Text description provided by the architects. Urban planning for Turó del Sastre in Montgat foresaw the construction of a new complex comprising a system of long linear blocks with a noticeably parallel layout. The blocks are laid out perpendicular to the coast and the mountainside on which they are built, with their longest façades facing east and west. The building we designed and built is located on one edge of the site and, like the others, was governed by the terraced volume established by regulations for the building outline.
The orientation and built volume of the block determined the typology of both the dwellings and their grouping. We designed a layout of four dwellings per landing, two facing east and two west, with their main spaces (living/dining rooms and bedrooms) lined along the façade, and the service spaces (kitchen, utilities and bathroom) arranged parallel overlooking a courtyard that runs the length of the building.
This layout ensures sunlighting for the dwellings, natural aeration of all the service spaces and efficient cross ventilation. It also served to optimize the communication shafts, free up volume and house all the service and evacuation installations in the central courtyard, which ensured ease of construction and future inspection and repair. The steep slope of the street made it possible to organize car parking on separate floors, with entrances that are staggered so as not to affect the dwellings on the ground floor.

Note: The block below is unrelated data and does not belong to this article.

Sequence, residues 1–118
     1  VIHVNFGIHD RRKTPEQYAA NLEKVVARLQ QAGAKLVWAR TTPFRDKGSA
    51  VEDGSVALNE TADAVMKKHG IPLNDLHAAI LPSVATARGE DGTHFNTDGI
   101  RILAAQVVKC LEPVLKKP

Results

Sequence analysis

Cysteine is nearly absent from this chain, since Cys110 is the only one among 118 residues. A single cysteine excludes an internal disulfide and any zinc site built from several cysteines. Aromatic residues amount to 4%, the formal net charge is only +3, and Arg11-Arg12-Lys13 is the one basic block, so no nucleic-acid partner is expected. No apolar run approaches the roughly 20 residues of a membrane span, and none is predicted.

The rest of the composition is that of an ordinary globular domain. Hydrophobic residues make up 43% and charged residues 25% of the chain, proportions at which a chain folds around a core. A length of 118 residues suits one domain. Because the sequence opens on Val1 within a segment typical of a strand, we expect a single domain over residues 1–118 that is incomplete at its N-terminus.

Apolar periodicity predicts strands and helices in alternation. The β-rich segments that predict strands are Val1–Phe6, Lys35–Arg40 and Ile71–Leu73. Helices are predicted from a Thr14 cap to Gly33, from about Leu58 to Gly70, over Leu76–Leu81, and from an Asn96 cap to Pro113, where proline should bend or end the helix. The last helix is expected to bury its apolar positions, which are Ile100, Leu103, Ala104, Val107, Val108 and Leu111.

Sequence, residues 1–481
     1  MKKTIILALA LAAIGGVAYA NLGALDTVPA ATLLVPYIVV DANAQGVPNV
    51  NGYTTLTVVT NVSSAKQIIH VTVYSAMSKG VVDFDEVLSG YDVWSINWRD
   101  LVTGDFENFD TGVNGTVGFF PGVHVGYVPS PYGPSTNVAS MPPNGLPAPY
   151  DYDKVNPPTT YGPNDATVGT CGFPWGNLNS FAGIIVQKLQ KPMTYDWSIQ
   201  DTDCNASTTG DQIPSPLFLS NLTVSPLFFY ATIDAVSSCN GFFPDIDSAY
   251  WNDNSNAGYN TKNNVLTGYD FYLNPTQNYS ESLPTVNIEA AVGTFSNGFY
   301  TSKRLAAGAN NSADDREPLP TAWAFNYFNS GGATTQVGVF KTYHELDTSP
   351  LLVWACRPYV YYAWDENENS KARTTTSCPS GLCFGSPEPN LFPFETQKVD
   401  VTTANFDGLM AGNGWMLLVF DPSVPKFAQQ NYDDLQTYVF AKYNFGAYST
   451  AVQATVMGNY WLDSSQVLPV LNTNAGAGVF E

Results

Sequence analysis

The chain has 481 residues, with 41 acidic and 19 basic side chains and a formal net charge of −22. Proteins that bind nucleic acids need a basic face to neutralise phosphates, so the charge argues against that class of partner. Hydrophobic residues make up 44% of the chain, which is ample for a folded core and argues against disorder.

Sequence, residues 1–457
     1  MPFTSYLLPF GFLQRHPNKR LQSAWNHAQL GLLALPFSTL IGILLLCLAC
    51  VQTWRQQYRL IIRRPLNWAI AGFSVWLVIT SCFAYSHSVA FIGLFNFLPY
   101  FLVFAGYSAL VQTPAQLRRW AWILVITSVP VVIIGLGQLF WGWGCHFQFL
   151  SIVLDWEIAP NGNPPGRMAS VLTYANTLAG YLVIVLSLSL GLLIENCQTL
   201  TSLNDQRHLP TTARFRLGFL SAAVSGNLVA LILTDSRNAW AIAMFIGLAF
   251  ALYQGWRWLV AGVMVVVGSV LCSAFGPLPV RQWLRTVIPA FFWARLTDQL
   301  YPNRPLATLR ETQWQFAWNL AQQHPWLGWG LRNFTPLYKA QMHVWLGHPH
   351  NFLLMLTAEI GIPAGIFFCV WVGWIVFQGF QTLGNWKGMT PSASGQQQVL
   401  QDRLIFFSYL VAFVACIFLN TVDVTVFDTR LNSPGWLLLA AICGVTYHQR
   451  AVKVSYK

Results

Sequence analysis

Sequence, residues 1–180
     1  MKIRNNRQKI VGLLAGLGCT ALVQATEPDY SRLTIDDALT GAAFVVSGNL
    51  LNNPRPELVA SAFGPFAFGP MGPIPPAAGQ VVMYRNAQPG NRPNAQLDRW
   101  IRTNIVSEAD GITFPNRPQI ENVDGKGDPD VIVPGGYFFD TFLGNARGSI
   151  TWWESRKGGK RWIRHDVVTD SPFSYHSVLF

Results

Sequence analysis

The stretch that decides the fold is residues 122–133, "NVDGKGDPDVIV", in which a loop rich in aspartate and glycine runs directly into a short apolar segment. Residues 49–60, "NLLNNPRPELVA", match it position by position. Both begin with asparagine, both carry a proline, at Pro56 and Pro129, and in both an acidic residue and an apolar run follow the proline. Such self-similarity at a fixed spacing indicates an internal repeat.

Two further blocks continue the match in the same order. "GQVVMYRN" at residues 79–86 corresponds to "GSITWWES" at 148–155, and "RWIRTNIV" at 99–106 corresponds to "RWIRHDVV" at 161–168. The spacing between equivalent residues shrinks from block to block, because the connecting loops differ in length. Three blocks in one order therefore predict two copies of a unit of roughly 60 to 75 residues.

The necessary terracing of the block to adapt to the topography and comply with planning regulations was addressed without fragmenting the volume. Flexibility in the building’s cornice produced a continuous built volume, incorporating the terracing into the project’s general form. The resulting jagged outline also provided a more efficient support for the solar collection panels situated on the roof.
The decision to unify the overall volume was determinant in the design of the façades and the choice of materials with which they were built. We chose beige brick, in keeping with the colour of the roof slab, to highlight the silhouetted volume, and the point where the building meets the site is marked by black glazed brick. The characteristic east-west orientation and the plot’s steep south-facing slope, overlooking the sea, suggested the design of a particularly prominent balcony that offers occupants good views of the coast. Its repetition and random distribution ultimately define the image of the whole.